I’m not sure my picture of the Giant’s Causeway really does it justice. Trust me when I say that it’s just really cool. Ireland is full of “beaches” that are actually just piles of rocks near the ocean, but this one is special. You can actually see Wales from there too, even if you can’t see Russia from your house. A couple of pro-tips should you choose to visit: ask every Irish person you meet to tell you the story of the Causeway, they will all have slightly different versions and insist whoever else you talked to was a dirty liar. Also, bring some change with you. The hike from the parking to the Causeway is long and steep—the way down is easy enough and you can take in some lovely views, but by the time you are ready to head back up you will be more than will to shell out a couple of euros.
Only a few years ago, taking the trip to Northern Ireland would have been too dangerous, and in Derry I would still be a bit cautious (the university actually shelled out money for our meals at the hotel so we wouldn’t go out at night, if that tells you anything). However, Derry was one of my favorite towns. The city has seen so much violence and is still recovering, even today there are still people living there who remember Bloody Sunday (the 1972 shooting of peaceful protesters). Both the Free Derry Museum and a tour of the walls are well worth the trip. It is important to remember that Northern Ireland, unlike Southern Ireland, still uses the British pound, and you’ll need different money. Or you can pay with a card in restaurants and enjoy the shock on waiters’ face when you tell them that in the States we actually let them take our cards away from the table, where they could be doing anything with them in order to pay for a meal. That is always a fun time. Speaking of restaurants, Northern Ireland was the only place I was able to get a hot beverage that was actually hot. I don’t know why.
We ended our trip in Dublin, which is a super-cool city living inside of a cloud of cigarette smoke. In Dublin I saw a George Bernard-Shaw comedy at the historic Abbey Theatre, visited the Dublin Writer’s Museum, and lit a candle at St. Patrick’s Cathedral (not technically a saint, and really more of a museum than a cathedral, but still a good time). All things I would recommend. I would also highly recommend a trip to Trinity College to see the Long Room of the library. It’s the prettiest place in the world and someday I will live in it.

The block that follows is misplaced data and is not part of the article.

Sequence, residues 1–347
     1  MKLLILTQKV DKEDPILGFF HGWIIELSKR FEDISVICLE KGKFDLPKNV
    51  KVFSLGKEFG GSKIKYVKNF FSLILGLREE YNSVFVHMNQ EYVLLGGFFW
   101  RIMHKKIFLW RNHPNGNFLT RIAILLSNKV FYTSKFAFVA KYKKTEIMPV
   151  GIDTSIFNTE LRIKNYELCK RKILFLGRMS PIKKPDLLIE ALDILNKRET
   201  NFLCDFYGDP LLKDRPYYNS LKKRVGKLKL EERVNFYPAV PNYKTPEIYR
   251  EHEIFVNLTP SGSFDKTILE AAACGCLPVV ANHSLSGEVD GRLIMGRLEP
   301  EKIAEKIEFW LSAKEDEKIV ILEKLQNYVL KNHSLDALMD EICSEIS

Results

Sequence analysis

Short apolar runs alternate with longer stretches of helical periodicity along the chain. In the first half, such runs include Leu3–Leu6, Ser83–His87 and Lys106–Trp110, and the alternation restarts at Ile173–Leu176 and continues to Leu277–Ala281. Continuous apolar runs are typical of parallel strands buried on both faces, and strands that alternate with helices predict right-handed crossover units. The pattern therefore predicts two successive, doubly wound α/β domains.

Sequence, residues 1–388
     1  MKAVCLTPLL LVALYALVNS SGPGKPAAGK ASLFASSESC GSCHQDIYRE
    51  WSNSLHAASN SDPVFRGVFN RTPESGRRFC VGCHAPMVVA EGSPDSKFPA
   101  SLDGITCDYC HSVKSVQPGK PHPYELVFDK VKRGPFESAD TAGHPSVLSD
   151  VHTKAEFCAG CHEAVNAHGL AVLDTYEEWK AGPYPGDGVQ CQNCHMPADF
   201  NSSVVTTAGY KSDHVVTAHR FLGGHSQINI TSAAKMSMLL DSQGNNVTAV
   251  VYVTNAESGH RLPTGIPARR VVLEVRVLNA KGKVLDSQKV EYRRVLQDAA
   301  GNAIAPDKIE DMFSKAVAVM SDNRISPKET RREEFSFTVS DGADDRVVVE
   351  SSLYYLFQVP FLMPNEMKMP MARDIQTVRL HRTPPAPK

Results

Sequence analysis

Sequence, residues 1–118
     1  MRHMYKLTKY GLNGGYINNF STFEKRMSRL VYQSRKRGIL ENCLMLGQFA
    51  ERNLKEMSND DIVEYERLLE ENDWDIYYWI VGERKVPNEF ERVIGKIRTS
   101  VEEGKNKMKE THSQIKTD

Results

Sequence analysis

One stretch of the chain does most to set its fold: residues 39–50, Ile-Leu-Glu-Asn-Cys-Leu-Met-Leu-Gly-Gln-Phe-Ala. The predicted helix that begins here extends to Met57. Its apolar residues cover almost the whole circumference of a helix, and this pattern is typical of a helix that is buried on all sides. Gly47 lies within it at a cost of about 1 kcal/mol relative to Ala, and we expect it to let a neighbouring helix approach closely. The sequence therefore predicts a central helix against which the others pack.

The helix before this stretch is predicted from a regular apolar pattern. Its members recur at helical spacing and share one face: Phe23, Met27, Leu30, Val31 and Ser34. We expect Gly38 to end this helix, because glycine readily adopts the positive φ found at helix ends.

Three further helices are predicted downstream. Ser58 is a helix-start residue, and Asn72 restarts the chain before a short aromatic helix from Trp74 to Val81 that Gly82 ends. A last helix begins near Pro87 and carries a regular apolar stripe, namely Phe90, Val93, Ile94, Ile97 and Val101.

The whole group was dragged on a trip to the football stadium in Dublin, Croke Park, for an afternoon. I was super bitter about having to go because soccer is a boring sport (fight me Europe) but I was pleasantly surprised. Croke Park actually has a rather interesting history and our tour guide was a born storyteller so there is something for everyone.
So, this has been an abridged list of some of my favorite spots in Ireland, some spots that were not included but that are still worth mentioning include: Inis Mor, Newgrange, The Leprechaun Museum (go during the day if you have small children, if not, go at night for the Nightland tour if you are eighteen or older), and Kylemore Abbey (the Abbey itself is ok, but the drive through Connemara is spectacular).
I’m not sure if I did this whole blogging thing right, but if you’ve gotten this far I thank you, and I would like to share with you one of my favorite Irish toasts: may your glass be ever full. May the roof over your head always be strong. And may you be in heaven a full half hour before the devil knows your dead.